21 U.S.C. §§ 841(a)(1) & 843(b) (1976)
Majority opinion, supra, at 200
Illustrative excerpts from the affidavits are included in the majority opinion. Id. at 200 n.1
Majority opinion, supra, at 203
Part II infra
Majority opinion, supra, at 203
Id. (emphasis partially deleted)
Id. at 819-20, 95 S.Ct. at 2533 (footnote omitted)
Id. at 820, 95 S.Ct. at 2533 (footnote omitted)
See Brookhart v. Janis, 384 U.S. 1, 7-8, 86 S.Ct. 1245, 1248, 16 L.Ed.2d 314 (1966); Henry v. Mississippi, 379 U.S. 443, 451, 85 S.Ct. 564, 569, 13 L.Ed.2d 408 (1965); Fay v. Noia, 372 U.S. 391, 439, 83 S.Ct. 822, 849, 9 L.Ed.2d 837 (1963)
Id. at 3, 86 S.Ct. at 1246
Id. at 7, 86 S.Ct. at 1248
Faretta v. California, 422 U.S. at 820, 95 S.Ct. at 2534
Id. at 138 (Waterman, J., dissenting) (citing Comment, Criminal Waiver: The Requirements of Personal Participation, Competence, and Legitimate State Interest, 54 Calif.L.Rev. 1262 (1966)). A fourth factor, "the degree of exceptional pressures or circumstances on either counsel or the accused which could dictate a waiver," does not appear pertinent to the issue in this case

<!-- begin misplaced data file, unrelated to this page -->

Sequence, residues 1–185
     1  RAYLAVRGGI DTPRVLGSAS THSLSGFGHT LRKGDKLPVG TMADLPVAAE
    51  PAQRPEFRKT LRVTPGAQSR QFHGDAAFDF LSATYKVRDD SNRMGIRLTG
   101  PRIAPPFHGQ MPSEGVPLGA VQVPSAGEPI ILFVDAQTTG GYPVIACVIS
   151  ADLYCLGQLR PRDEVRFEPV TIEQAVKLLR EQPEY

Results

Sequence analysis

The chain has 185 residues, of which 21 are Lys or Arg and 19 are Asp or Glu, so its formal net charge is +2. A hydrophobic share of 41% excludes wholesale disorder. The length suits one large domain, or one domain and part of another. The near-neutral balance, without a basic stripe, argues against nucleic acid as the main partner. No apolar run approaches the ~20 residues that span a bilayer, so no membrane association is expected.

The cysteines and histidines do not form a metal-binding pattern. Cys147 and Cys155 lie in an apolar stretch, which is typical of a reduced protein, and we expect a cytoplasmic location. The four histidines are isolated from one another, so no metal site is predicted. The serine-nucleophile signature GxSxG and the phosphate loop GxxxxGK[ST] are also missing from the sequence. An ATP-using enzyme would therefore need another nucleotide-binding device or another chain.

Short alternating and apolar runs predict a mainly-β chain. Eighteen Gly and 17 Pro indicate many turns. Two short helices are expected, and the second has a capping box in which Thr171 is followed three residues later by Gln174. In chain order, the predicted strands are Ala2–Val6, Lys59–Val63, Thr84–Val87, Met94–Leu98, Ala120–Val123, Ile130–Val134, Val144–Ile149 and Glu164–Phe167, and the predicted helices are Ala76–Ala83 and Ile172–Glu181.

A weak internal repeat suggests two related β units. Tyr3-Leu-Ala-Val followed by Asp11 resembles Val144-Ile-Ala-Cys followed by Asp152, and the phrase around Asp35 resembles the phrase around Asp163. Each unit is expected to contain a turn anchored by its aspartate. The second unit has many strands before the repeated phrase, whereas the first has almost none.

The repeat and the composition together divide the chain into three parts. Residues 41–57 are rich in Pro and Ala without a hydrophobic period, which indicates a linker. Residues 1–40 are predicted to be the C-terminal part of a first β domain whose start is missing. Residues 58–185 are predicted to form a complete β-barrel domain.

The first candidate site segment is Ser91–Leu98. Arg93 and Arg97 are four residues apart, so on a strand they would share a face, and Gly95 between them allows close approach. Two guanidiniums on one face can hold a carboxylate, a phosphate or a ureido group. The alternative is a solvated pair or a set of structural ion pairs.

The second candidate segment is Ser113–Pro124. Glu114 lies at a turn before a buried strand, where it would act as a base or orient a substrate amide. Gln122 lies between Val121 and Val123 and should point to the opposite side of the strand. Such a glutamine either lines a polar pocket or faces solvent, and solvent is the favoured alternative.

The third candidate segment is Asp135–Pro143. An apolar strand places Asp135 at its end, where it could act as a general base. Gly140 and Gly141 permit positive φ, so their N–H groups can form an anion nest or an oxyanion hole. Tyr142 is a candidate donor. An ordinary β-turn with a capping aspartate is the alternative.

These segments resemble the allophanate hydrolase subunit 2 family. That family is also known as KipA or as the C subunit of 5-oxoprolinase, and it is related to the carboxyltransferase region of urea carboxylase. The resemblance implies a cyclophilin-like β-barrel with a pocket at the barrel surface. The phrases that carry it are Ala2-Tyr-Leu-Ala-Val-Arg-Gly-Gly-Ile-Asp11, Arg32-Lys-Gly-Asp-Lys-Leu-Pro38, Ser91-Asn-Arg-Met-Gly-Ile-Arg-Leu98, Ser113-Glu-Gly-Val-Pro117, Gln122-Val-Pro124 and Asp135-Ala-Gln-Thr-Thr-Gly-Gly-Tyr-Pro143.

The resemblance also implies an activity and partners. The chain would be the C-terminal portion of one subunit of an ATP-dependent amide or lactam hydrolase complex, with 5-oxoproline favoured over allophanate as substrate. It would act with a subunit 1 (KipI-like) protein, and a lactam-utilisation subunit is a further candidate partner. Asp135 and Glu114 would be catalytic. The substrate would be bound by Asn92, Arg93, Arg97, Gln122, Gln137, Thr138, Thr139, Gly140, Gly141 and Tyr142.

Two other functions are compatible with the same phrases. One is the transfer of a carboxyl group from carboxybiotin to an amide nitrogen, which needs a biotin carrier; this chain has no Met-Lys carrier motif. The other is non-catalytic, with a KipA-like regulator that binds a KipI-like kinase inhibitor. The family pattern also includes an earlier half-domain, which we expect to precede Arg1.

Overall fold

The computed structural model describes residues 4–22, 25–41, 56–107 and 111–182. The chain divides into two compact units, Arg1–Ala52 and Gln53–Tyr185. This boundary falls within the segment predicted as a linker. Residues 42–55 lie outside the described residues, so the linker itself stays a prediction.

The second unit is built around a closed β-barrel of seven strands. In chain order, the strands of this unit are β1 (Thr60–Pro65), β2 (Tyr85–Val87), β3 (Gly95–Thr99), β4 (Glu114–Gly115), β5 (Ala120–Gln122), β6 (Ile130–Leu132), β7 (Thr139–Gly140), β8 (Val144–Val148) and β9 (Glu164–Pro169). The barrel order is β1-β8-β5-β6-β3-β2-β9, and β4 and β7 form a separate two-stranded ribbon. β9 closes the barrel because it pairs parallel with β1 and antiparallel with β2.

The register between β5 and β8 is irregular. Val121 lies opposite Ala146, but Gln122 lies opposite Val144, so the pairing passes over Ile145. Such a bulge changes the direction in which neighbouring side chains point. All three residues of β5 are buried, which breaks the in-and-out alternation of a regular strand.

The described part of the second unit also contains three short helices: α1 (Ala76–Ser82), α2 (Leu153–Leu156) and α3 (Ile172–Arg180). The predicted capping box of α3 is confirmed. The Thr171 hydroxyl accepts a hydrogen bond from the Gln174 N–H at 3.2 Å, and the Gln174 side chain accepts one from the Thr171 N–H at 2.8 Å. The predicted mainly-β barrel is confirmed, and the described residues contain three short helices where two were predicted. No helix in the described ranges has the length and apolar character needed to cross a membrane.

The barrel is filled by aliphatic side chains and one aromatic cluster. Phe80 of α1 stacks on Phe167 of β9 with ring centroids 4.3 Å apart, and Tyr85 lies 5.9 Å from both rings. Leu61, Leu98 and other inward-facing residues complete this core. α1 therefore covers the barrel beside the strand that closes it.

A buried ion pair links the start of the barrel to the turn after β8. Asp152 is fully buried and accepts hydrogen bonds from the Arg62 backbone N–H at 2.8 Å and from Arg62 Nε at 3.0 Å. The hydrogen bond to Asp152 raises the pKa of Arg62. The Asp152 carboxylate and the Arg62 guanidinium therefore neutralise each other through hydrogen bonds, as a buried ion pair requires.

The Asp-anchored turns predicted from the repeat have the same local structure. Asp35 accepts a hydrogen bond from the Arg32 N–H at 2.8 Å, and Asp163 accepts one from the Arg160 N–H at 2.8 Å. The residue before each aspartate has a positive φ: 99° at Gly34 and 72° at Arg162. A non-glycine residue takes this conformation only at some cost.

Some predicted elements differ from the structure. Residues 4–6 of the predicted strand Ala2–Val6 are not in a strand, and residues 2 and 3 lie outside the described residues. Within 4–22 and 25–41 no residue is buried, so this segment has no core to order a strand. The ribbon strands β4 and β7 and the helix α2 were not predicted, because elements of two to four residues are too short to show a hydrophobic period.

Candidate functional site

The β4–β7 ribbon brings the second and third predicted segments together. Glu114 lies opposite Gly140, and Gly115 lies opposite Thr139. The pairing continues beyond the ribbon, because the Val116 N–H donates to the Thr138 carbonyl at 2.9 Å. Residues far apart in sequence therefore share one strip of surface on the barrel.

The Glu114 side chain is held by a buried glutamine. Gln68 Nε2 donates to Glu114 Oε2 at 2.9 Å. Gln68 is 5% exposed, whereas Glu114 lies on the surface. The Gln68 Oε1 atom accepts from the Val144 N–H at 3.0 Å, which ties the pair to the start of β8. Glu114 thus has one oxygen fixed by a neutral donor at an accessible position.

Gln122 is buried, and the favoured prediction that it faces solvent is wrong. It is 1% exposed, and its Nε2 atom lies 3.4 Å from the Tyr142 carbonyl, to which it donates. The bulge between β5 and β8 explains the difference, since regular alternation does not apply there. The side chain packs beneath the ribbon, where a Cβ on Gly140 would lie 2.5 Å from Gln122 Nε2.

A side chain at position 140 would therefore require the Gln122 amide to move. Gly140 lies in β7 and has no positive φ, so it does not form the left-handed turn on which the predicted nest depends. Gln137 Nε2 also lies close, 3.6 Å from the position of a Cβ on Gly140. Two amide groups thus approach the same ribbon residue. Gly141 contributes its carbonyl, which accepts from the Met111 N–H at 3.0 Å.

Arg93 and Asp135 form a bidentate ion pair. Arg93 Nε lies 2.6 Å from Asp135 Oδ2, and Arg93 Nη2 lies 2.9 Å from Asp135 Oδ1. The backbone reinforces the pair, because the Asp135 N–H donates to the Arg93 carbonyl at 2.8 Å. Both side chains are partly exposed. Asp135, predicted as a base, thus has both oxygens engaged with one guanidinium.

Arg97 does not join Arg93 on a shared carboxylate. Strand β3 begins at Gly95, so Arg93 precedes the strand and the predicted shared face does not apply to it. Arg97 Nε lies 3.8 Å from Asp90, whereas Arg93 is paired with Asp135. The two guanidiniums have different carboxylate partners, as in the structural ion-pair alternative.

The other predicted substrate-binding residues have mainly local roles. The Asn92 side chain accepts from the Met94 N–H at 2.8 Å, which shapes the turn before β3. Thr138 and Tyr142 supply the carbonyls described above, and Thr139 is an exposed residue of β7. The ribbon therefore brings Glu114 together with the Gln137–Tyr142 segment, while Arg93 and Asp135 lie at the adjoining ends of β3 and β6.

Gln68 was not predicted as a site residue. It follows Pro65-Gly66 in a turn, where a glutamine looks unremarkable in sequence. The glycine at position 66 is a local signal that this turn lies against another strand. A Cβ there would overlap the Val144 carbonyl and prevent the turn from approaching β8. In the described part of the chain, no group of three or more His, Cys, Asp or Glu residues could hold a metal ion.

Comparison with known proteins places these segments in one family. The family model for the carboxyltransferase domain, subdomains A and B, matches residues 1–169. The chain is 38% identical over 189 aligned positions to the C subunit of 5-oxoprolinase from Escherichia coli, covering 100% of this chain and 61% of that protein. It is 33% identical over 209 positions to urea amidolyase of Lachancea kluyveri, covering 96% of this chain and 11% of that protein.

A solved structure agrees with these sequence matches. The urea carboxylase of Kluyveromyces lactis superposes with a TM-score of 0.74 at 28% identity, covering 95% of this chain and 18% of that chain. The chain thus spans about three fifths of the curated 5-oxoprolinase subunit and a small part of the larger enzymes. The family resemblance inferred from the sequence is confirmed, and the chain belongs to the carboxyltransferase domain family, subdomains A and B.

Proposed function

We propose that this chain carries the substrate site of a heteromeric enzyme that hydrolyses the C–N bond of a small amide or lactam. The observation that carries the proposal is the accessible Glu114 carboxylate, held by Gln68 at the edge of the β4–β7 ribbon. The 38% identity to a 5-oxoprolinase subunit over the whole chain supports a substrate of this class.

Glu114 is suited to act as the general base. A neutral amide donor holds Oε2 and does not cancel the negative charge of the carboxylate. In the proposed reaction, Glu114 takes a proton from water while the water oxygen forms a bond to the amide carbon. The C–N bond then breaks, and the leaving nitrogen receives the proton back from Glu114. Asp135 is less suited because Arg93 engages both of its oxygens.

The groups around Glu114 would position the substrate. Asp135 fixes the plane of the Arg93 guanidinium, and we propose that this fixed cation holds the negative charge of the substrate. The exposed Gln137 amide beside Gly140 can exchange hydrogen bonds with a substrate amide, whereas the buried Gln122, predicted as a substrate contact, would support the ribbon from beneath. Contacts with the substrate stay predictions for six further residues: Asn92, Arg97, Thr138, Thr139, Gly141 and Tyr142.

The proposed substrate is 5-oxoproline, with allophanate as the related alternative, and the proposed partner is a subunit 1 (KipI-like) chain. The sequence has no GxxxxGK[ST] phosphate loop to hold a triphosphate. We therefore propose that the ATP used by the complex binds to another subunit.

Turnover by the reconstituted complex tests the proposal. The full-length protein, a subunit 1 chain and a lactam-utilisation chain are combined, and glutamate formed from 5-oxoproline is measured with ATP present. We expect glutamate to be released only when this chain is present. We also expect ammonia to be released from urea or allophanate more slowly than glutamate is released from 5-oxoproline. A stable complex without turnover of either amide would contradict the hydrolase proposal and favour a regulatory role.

See, e. g., Brewer v. Williams, 430 U.S. 387, 97 S.Ct. 1232, 51 L.Ed.2d 424 (1977) (right to have counsel present during questioning in custodial setting); Miranda v. Arizona, 384 U.S. 436, 86 S.Ct. 1602, 16 L.Ed.2d 694 (1966) (same); Brookhart v. Janis, 384 U.S. 1, 86 S.Ct. 1245, 16 L.Ed.2d 314 (1966) (right to be confronted with and to cross-examine witnesses); Fay v. Noia, 372 U.S. 391, 83 S.Ct. 822, 9 L.Ed.2d 837 (1963) (right to appeal); Green v. United States, 355 U.S. 184, 78 S.Ct. 221, 2 L.Ed.2d 199 (1957) (right not to be put in double jeopardy); Johnson v. Zerbst, 304 U.S. 458, 58 S.Ct. 1019, 82 L.Ed. 1461 (1938) (right to assistance of counsel in preparation and presentation of defense). But see, e. g., Estelle v. Williams, 425 U.S. 501, 96 S.Ct. 1691, 48 L.Ed.2d 126 (1976) (waiver of right not to be compelled to appear in court in prison clothes implied from failure to object); Schneckloth v. Bustamonte, 412 U.S. 218, 93 S.Ct. 2041, 36 L.Ed.2d 854 (1973) (proof of knowledge of right to refuse consent to search not required in order to prove voluntariness of consent)